So You Want to Make Money? Syndication, Monetization and Affiliate Programs for your Blog #beabloggers

bea bloggersA bunch of panelists in this session, all moderated by Scott Fox of Lots of ideas on how to monetize a blog in this session. Here are some highlights:

Ron Hogan, founder of

He gave the “Big picture”

won’t make a lot doing a bloom blog. You can make “beer money” – small amounts of money.

Thinks that most categories are already covered, and people gravitate towards established blogs

Rita Arens – senior editor of

charge for reading time – at blogger book club, they pay for reviews. There are over 250,000 books published each year, and all those authors are looking for attention.

Have to use disclosures – say if someone sent you the book.

Thea James – co-founder of The Book Smugglers

sweat the small stuff: they use the blogads network for ads. Mostly book ads that are tailored to their content.

also use affiliate programs like Amazon Affiliates.

Sarah Pitre – founder of Forever Young Adult

build community through social media to drive visitors and page views.

started a store – tshirts, stickers – made them a decent amount of money.

Also found a company that sponsors them. They get server space and help them build a community.

Amazon Affiliates – people feel comfortable with Amazon, and have probably used them – so it’s an accepted link. An independent bookstore like Powell’s isn’t as well known, so people might not feel as comfortable clicking that link.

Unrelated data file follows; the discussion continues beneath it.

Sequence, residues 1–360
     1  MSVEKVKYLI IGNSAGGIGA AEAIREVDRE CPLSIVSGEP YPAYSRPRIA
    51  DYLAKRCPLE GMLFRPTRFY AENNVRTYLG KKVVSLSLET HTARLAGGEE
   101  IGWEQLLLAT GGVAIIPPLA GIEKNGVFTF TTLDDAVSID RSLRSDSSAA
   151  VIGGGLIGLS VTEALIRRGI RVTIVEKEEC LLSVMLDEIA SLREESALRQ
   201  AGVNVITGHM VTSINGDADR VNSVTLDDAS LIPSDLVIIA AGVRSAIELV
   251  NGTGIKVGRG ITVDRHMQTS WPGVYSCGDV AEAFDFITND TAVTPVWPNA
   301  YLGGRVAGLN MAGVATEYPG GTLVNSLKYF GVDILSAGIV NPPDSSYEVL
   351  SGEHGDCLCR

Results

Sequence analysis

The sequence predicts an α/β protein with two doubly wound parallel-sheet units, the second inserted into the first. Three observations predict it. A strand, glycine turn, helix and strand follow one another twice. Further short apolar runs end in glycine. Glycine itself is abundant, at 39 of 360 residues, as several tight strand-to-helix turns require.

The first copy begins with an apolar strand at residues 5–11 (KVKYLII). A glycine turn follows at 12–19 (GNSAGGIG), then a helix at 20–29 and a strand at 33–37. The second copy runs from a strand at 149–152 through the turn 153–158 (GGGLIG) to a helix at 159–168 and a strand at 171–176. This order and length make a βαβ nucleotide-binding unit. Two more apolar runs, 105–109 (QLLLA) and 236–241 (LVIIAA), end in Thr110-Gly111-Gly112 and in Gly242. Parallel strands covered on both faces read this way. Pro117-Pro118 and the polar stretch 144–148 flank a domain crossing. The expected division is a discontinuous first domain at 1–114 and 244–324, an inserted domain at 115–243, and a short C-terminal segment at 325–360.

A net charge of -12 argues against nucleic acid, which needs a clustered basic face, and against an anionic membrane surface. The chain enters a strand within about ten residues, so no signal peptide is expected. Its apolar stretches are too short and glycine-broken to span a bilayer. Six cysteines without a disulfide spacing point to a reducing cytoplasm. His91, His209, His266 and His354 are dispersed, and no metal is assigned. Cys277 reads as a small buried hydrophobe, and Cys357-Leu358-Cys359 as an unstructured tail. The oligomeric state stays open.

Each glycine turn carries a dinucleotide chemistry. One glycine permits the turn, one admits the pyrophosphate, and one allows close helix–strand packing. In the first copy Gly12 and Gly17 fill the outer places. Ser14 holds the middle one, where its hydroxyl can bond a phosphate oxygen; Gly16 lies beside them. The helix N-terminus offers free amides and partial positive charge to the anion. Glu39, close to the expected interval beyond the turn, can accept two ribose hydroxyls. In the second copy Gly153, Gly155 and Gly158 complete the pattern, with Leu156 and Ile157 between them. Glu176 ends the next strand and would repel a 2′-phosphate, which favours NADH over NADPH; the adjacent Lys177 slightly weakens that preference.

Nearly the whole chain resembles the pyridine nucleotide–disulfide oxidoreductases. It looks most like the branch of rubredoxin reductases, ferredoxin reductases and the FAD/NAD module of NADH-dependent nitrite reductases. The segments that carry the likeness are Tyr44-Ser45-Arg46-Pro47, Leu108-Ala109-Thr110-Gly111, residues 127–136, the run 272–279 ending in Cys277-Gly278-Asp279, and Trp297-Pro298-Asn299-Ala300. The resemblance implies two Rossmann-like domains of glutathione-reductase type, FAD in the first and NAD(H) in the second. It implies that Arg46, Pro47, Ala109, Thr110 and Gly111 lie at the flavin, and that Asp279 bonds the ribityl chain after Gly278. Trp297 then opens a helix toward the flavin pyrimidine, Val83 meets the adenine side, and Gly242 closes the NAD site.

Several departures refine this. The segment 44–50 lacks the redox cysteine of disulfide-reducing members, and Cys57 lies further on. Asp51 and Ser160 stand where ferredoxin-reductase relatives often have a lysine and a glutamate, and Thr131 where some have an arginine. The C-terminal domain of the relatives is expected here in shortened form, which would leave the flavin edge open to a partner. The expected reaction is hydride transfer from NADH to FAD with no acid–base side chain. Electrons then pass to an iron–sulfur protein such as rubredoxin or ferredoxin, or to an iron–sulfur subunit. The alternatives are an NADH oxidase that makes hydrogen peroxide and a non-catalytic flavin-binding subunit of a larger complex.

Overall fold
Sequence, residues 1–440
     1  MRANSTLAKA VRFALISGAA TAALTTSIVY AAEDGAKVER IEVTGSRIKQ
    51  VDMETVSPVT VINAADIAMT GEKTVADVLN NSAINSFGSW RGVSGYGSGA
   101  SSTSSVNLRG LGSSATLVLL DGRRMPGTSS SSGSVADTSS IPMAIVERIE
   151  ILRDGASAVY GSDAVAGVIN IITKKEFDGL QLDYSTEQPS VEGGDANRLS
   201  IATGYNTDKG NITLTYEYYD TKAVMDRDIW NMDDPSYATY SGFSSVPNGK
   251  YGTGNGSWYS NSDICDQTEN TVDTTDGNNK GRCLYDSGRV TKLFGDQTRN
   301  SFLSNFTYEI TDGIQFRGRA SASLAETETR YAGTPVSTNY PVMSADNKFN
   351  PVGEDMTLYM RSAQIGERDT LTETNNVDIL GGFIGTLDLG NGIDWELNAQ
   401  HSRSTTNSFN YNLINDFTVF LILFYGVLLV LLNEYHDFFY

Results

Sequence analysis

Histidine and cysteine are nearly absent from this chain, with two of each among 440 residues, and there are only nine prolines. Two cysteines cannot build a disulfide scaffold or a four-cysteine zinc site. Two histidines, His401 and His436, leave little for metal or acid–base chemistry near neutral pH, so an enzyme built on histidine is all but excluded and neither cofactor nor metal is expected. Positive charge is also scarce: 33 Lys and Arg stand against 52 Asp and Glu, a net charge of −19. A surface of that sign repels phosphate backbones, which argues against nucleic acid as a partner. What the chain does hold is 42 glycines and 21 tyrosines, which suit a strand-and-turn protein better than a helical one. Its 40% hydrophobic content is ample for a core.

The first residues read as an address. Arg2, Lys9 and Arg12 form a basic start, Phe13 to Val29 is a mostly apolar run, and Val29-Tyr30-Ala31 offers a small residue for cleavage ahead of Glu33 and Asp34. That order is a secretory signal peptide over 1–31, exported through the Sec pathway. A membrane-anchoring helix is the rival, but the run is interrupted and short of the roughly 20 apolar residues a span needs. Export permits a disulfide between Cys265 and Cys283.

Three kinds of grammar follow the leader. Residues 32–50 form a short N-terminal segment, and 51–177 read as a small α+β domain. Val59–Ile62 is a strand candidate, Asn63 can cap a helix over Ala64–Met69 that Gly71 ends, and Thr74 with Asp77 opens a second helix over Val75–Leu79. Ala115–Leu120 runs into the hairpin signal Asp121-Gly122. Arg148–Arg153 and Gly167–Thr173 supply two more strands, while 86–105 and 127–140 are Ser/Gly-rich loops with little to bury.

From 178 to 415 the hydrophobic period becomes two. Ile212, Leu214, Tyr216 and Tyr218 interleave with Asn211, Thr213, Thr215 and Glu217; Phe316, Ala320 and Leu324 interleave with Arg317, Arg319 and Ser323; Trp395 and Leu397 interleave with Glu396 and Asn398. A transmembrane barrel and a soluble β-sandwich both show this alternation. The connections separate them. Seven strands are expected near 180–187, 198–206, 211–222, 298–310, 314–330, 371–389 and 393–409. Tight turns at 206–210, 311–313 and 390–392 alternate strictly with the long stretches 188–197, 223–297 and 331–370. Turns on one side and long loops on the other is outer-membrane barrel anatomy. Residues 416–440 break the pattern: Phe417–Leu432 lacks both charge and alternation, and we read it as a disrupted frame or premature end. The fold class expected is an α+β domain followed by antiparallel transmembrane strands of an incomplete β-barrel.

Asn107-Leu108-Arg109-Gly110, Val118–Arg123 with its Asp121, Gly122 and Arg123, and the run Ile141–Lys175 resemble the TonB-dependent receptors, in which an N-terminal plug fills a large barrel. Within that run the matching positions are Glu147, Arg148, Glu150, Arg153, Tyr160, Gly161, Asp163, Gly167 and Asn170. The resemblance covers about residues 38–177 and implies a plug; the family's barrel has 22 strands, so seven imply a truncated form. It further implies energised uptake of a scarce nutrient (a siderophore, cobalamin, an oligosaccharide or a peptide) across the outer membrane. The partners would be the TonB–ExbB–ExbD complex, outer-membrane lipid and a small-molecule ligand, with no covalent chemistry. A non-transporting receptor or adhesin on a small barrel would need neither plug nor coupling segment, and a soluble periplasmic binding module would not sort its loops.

Other thoughts (don’t remember who said what here):

They don’t use Google Adsense for the most part

claim that you don’t have control over content

claim that you don’t have design control

me – none of those were correct … but whatever :-)

another panelist corrected that (thanks!)

No one’s making money through syndication (no one on stage, anyway).

If you blog for someone else (i.e., Huffington Post) – you are building an audience for someone else. If you quite and start blogging somewhere else, you won’t necessarily ba able to take that audience with you.

Attracting traffic:

Stumbleupon – can work well. Try to stand out.

My Experiments with Ads

Walt Crawford is thinking about clickthroughs and ads, and mentioned me as an example of someone using ads on my blog. And it’s true – I do! I’ve been meaning to write a post about my adspace experiments, and here’s a great opportunity to do it (ie., because I’m thinking about it again after posting a comment to Walt’s blog).

Why am I using ads on my blog? I started using ads as more of an experiment than anything – it was a part of the whole web thing that I wasn’t very familiar with. I held off for a long time, because I thought that putting ads on my blog would somehow water it down, or somehow feel like “selling out” … or some other nefarious deviant-like behavior.

Then I realized I was being silly, and curiosity just got the best of me. So I jumped in.

Here’s what I do right now:

  • I use Google Adsense and Amazon Affiliate ads.